Illegal detentions, witnesses that contradict each other, prisoners presented to the court after the legal deadline, and officials that have no evidence to present; these are just some of the irregularities that have been accepted by the judges in charge of processing 300 political prisoners. These prisoners have all been arrested for participating in civic protests against the regime of Daniel Ortega and Rosario Murillo.
The majority of the political prisoners have been accused of terrorism, illicit arms and weapons trafficking and disrupting public services, obstructing government functions and disrespect for the authorities.
Hansell Vasquez Ruiz, Kevin Rodrigo Espinoza and Marlon Fonseca Roman were sentenced to 17 years and 6 months in jail for terrorism, use of restricted arms and disruption of public services stemming from a fire at the radio station Tu Nueva Radio Ya, that occurred at the end of May.
This is the only case in which someone has been prosecuted for burning or attacking a communications media outlet; other cases of arson involving independent stations such as Leon’s Radio Dario, which burned entirely to the ground in April, have been ignored.
Judgements based on a law created after the events
Julio Montenegro, lawyer with the Permanent Commission for Human Rights in Nicaragua (CPDH), alleges that one of the inconsistencies of the case is that the youth were declared guilty under the Law Against Money Laundering, Financing Terrorism and the Proliferation of Weapons of Mass Destruction, approved by the National Assembly on July 16 and published on July 20 in the official registry La Gaceta. However, the events occurred on July 11, prior to this.
“For [the law] to apply, the events would have to have happened after July 20. The law must be a previous step and the actions posterior,” Montenegro explains.
Officer: “It was dark”
Another inconsistent element is that the witnesses for the prosecution affirmed that “all” the radio station burned, and as proof presented three photos: one of the façade in flames; one of a studio where a rug burned, and one of a warehouse with old objects and tires.
“I asked the officer if she could see how the inside of the radio station was affected, apart from the front. She answered that she couldn’t, because it was dark,” noted the defense lawyer in charge of defense for the three youth. “I can’t explain how an expert in ocular inspections isn’t going to take close note of the details. She should be able to tell me if the interior was or wasn’t affected.”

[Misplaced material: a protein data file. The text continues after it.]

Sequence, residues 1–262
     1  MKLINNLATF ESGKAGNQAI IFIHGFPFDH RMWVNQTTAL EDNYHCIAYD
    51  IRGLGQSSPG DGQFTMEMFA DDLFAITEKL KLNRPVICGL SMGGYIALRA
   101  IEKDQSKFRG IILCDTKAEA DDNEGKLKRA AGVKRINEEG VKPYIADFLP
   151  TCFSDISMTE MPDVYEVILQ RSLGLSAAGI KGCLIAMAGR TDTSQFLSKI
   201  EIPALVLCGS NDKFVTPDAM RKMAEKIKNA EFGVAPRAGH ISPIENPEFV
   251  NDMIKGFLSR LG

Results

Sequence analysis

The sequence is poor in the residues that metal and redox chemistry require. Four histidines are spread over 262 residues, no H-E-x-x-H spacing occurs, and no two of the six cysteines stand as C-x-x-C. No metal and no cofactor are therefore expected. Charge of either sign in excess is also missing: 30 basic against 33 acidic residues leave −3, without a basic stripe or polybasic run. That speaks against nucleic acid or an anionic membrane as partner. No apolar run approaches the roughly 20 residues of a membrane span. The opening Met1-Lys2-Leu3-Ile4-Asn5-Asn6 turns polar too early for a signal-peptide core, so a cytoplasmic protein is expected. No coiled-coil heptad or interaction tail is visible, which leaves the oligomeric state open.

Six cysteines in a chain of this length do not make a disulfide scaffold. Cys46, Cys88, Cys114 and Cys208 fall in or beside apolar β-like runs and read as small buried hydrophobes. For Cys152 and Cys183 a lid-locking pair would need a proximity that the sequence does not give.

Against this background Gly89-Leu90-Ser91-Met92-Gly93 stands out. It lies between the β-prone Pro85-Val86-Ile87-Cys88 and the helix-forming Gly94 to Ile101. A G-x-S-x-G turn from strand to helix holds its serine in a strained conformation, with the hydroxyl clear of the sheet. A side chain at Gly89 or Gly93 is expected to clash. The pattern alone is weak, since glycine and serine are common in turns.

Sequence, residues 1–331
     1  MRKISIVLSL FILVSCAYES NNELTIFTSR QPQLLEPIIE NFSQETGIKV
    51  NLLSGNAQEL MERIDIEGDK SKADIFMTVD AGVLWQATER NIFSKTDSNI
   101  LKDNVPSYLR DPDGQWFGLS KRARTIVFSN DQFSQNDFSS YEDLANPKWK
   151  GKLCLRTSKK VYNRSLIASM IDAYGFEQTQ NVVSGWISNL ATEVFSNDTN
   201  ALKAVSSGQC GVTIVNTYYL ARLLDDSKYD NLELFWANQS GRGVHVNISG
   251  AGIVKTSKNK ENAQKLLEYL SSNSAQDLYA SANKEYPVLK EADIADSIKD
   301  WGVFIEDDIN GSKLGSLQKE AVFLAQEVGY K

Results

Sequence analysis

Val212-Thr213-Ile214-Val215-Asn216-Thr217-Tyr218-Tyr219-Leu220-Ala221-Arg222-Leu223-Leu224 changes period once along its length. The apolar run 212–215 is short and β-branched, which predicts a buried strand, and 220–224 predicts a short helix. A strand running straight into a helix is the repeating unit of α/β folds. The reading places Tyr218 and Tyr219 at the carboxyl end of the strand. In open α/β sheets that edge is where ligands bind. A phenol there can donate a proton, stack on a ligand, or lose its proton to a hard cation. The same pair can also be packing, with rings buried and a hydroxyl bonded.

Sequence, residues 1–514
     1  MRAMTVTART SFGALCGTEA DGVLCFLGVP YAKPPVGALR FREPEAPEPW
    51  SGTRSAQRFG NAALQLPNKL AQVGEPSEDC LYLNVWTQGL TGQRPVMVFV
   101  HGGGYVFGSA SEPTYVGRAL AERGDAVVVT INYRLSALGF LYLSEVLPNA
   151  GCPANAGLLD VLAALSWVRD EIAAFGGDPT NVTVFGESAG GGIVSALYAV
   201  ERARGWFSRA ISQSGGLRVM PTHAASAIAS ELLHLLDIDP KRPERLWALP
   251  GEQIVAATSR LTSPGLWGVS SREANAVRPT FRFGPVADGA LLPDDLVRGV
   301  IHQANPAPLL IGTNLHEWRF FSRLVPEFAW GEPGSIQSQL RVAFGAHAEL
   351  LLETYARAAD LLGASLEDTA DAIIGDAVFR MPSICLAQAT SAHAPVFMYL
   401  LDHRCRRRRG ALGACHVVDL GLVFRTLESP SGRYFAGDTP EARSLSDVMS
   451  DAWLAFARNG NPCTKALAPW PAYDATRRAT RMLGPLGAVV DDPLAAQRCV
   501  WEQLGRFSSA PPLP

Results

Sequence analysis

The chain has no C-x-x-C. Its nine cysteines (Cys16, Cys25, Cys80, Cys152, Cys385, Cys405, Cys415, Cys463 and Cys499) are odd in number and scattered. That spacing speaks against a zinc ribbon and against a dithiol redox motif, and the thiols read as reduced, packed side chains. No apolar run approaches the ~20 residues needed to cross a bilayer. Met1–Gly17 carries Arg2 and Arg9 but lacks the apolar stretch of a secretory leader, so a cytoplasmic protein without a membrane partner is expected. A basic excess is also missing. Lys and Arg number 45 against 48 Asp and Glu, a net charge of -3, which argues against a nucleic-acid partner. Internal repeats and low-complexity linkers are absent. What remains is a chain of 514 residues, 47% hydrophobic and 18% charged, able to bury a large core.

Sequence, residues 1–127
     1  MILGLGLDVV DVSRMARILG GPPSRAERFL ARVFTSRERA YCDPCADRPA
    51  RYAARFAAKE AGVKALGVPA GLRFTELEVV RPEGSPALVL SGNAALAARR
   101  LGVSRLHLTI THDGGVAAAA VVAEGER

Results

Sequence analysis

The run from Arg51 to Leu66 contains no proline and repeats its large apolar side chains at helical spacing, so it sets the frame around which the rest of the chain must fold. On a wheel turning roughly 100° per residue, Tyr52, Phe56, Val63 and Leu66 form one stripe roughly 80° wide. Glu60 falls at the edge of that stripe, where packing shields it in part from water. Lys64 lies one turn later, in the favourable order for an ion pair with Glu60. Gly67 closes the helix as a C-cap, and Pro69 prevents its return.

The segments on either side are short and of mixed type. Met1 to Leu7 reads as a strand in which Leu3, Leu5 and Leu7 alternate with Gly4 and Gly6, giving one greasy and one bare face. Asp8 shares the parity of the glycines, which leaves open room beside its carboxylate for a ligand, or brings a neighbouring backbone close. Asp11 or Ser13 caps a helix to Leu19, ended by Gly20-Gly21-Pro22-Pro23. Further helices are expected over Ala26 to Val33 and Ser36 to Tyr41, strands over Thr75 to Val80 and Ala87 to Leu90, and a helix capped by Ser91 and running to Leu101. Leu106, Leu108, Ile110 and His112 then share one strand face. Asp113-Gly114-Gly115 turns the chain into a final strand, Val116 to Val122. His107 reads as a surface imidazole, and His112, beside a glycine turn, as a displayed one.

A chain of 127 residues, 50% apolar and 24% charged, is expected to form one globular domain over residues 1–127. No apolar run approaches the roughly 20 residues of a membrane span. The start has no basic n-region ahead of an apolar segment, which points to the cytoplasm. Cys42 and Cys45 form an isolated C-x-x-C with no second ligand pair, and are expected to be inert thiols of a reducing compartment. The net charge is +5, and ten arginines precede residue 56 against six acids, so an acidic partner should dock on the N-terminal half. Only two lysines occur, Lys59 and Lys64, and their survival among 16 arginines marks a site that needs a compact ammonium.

Masked witnesses with codes instead of names
Montenegro, who is also defending university leader Edwin Carcache, adds that the use of witnesses who wear ski masks and are identified only by codes has proliferated. This is common practice in trials of major drug-traffickers.
However, he notes that the masked subjects “never have videos, photos, audio recordings or records of intercepted telephone calls. How do we know that the coded witness has real knowledge of the case?”
In the cases of Hansell, Kevin and Marlon, the witness known as “code one” couldn’t state whether police security tape was used during the arrest, whether the area had been cordoned off, if photographs were taken of the evidence, or if gloves were used to handle it. “That ‘code’ knew absolutely nothing when I asked him. Indications are that he doesn’t know or that he wasn’t present during the arrest,” said Montenegro.
Judges accept grave irregularities
Another element common to all four cases of the young people, and to almost all the political prisoners, is that they’ve been presented before the authorities after the legally established 48-hour deadline. Edwin Carcache was taken before a judge eight days after his detention.
“The judges don’t reject cases of detentions by the paramilitaries, they don’t consider the late presentations. They pull out an old sentence of the Supreme Court that was formally used in drug trafficking cases; that the irregular actions of the authorities that preceded the appearance before a judge doesn’t prevent that judge from decreeing preventive jail time,” indicated the CPDH lawyer.
According to Montenegro, some judges have commented to them that they “accept the illegal arrests and the late presentations because they have to respond according to the procedural moment.” However, as Montenegro sees it: “the judges have entered into a state of complicity with the illegal acts.”
No police or paramilitary member has been accused
Nine citizens, residents of Tipitapa, were condemned to 15 – 24 years in prison for terrorism. Carlos Bonilla Lopez was sentenced to 90 years in jail for the death of a member of the riot squad and supposedly the intention of killing another four officials.
The prosecution also accuses Etner Sequeira Velasquez for pulling down the “trees of life” [large metal tree sculptures placed around Managua streets in a project closely associated with Vice President Rosario Murillo], and student leader Amaya Coppens for terrorism and other crimes.
Nonetheless, in the six months since the protests began, no police or paramilitaries have been legally processed.
At the beginning of August, the prosecution accused former army official Pierson Gutierrez Solis, 42, of homicide and illegal firearm possession in the case of the murder of Rayneia Lima, a young Brazilian medical student from the American University. The prosecution asked for a 16-year prison sentence for Gutierrez Solis. The trial was over in 35 minutes.